There has been a lot of talk as to how NFC is being positioned as the game-changing factor in the mobile payment solutions and services industry, especially with the widespread of competitors and slow adoption rate among consumers and merchants alike.
But the question is, how can NFC truly succeed given its massive potential and support with a broad coverage of mobile phones listed under Android, Blackberry and Windows operating system platforms in addition to the rising amount of NFC-enabled payment terminal services?
Undoubtedly, the backing for NFC is tremendous and with a strong enough presence to generate awareness among the masses, it's impossible to rule NFC out of the equation especially in Asia.
In fact there's plenty of traction for NFC to develop its growing infrastructure in AsiaÂ with the following case studies:
- Singapore has adopted a shared NFC infrastructure between its three main mobile operators, with strong government backing bet with 15,000 consumers already upgrading as NFC-enabled subscribers. Also, the Land Transport Authority owned EZ Link has launched an app offering top-up solutions for NFC-enabled smartphones without the need for users to visit ATMs or EZ link machines. It does this by automating payment with the user's designated Visa and MasterCard debit or credit card. At least that’s according to an article by The Straits Times
- In China, the world's largest mobile network operator China Mobile has already launched NFC payment services in more than 14 cities in China as well as NFC pilot tests in Beijing's transportation services.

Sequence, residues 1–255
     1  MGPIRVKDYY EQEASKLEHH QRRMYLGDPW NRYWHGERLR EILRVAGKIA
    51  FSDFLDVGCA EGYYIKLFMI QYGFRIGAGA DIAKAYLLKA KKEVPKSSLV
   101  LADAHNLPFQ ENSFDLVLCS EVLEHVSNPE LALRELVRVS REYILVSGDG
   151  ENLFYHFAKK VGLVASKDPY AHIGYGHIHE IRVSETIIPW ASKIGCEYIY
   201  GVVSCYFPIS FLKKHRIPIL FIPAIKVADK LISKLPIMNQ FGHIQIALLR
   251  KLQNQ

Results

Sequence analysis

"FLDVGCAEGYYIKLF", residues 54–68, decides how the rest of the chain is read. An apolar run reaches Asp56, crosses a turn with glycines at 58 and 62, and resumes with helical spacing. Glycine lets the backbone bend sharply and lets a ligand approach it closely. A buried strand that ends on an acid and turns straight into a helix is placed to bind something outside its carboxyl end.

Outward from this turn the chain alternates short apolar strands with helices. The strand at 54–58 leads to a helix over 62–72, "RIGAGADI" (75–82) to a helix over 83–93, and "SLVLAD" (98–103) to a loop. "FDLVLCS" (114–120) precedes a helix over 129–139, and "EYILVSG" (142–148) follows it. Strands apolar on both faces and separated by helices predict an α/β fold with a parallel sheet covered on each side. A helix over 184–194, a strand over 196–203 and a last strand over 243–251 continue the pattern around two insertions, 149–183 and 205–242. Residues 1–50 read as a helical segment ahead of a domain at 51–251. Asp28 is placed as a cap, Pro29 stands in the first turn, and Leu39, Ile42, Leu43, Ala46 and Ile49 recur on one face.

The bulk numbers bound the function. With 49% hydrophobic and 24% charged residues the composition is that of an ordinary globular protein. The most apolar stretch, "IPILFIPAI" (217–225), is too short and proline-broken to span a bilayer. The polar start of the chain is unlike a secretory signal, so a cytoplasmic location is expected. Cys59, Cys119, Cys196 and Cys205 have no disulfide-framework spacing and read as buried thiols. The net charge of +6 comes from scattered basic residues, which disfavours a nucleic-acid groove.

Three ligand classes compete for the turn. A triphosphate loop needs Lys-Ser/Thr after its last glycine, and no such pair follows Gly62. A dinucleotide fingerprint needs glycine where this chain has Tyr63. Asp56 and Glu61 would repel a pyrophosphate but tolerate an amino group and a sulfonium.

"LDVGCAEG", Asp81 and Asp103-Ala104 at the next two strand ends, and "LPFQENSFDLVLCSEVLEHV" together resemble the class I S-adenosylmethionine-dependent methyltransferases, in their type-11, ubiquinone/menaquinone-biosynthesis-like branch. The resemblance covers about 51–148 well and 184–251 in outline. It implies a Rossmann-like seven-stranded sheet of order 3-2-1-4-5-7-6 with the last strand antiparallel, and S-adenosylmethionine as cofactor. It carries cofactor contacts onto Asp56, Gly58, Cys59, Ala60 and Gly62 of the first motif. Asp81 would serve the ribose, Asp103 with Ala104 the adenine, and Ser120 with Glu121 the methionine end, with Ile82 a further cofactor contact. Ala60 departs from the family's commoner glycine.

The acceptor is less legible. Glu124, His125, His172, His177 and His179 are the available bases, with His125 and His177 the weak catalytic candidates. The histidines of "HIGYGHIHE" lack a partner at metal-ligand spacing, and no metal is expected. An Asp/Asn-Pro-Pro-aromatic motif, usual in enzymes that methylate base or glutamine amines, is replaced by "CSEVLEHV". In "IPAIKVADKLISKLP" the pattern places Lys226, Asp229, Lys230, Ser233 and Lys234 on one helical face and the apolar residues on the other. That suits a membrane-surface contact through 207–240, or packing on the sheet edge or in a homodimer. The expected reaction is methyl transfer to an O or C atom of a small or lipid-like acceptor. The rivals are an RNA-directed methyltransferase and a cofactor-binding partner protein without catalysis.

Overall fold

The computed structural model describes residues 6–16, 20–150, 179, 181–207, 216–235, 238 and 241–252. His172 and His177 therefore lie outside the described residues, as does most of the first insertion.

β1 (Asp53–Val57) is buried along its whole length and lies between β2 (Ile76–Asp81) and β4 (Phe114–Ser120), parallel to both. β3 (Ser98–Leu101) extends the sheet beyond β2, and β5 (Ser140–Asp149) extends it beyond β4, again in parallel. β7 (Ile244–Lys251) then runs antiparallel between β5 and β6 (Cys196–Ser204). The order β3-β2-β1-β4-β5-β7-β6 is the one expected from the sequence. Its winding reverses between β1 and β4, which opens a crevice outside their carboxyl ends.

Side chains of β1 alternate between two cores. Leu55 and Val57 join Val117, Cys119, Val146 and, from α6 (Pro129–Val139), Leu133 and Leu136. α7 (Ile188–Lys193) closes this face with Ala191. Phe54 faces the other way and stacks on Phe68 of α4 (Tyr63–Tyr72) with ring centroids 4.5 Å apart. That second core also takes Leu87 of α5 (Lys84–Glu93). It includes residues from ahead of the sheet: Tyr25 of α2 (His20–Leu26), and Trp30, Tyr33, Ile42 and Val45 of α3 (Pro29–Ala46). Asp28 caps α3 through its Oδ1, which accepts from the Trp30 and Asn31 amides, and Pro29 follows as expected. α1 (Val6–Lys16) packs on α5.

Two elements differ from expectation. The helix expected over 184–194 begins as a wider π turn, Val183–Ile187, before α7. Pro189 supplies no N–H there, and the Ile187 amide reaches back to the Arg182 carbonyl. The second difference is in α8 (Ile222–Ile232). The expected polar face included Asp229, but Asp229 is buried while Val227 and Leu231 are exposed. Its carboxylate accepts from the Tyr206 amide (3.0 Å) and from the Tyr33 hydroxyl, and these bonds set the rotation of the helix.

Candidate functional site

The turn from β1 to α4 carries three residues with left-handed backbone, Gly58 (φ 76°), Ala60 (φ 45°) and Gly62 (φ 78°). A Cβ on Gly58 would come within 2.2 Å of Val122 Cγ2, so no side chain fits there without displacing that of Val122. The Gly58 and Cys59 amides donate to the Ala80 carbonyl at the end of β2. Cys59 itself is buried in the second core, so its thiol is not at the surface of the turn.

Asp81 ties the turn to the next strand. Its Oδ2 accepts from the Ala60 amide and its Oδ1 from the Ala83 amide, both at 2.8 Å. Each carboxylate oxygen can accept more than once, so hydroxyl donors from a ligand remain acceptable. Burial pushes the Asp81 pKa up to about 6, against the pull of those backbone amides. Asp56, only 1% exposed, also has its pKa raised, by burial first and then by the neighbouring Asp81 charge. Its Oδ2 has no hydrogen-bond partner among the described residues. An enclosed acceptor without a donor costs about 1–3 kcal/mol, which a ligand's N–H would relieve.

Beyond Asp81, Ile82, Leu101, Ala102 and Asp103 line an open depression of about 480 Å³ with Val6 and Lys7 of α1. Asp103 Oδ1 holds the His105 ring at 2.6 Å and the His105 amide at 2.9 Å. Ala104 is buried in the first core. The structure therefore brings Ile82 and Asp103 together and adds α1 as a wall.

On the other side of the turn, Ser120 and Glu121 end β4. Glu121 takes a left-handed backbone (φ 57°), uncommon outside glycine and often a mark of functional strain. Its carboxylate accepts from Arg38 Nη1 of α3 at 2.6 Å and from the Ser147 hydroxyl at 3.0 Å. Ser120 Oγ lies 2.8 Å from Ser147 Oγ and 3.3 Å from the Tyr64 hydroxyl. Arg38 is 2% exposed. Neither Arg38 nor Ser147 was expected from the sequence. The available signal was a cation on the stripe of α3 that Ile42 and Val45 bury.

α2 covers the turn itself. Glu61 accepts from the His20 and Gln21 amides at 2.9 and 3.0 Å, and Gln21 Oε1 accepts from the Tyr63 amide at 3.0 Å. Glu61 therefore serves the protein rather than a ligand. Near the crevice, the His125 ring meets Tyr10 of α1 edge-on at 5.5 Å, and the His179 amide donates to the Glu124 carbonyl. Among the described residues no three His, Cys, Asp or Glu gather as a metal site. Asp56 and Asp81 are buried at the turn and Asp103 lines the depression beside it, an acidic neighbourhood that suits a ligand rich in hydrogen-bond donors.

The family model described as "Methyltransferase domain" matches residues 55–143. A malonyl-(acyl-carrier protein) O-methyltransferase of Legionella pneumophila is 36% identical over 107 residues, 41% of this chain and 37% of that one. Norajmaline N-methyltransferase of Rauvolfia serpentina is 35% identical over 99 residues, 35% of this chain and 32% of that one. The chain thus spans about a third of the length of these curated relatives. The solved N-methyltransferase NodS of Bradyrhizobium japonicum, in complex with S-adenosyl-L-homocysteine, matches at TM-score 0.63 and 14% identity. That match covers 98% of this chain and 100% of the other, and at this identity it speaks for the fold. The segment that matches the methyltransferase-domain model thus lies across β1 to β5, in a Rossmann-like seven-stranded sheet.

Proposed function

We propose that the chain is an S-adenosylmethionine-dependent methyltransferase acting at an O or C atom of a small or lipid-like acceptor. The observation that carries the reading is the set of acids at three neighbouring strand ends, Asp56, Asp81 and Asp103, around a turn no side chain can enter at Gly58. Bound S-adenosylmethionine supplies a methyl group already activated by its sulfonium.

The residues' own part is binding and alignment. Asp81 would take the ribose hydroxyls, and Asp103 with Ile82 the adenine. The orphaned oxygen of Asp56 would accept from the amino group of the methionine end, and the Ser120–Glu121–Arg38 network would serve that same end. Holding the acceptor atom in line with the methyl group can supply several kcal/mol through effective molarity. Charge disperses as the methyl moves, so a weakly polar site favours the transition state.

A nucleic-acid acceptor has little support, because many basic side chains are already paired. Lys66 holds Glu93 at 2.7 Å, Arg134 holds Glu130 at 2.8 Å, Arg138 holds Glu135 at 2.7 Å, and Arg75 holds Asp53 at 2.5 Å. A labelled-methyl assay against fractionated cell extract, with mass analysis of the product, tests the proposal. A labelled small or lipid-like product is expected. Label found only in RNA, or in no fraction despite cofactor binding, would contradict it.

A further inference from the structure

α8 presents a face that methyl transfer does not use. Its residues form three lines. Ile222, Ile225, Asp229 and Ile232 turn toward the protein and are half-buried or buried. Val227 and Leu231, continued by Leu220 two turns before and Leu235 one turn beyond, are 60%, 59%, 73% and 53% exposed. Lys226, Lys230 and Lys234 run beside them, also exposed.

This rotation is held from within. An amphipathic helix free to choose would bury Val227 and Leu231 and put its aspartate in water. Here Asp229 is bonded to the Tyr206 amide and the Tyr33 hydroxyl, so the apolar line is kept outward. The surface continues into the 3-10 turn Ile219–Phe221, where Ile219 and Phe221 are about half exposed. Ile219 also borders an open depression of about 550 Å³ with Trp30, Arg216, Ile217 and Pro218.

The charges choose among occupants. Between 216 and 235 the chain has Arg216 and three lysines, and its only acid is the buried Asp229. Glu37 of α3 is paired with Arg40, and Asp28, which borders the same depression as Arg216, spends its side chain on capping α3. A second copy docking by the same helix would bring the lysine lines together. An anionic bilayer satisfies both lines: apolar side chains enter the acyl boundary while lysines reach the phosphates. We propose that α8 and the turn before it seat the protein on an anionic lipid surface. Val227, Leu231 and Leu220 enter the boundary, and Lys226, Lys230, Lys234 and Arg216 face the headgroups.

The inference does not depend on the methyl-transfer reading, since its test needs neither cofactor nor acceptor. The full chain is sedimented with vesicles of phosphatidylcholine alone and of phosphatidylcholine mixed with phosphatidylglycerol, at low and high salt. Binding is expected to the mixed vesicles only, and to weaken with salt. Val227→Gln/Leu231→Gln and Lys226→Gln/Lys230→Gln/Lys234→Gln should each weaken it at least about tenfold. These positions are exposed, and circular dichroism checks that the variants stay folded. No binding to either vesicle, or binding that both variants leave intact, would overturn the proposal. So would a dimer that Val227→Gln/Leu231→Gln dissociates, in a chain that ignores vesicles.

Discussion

- Transit ticketing in South Korea by the end of 2012 has also seen 10 million NFC smartphones supporting the single wire protocol-SIM standard sold by major telecom operators such as KT, SK Telecom and LGU+. More than two million people have already used NFC-enabled phones to pay for transit fares in 2012
- Koichi Tagawa, Chairman of the NFC Forum stated that "Japanese airlines using NFC can board a 450-person plane in only 15 minutes, as opposed to the standard boarding process for a 150-person plane without NFC in 40 minutes".
With the following examples, it seems that NFC has been pulling its weight in the transport services industry by eliminating the need for queues. It’s the first step to simplifying the way people interact within a next-generation infrastructure.
According to a research conducted by Berg Insight, "Between 2012 and 2017 the installed base of NFC-enabled handsets will increase at a compound annual growth rate of 65% to reach 2.1bn units. The penetration rate for NFC across all handset segments will similarly increase to approximately 32% by 2017."
To further complement the rise in NFC-enabled handsets, "There will also be around 140 companies that use a TSM solution in commercially live NFC mobile wallet services worldwide at the end of 2013, up from 57 at the end of 2012 and the most active region for TSM projects is currently Asia Pacific, followed by Europe, North America and the Middle East.”
With the forecasted statistics, it’s only matter of time for NFC to bring its single-tap experience into opening more platforms, such as advertising, NFC tagging, access doors, and so much more.
This is a guest post by Hanis Jazil[Image: Tupalo.com - Flickr]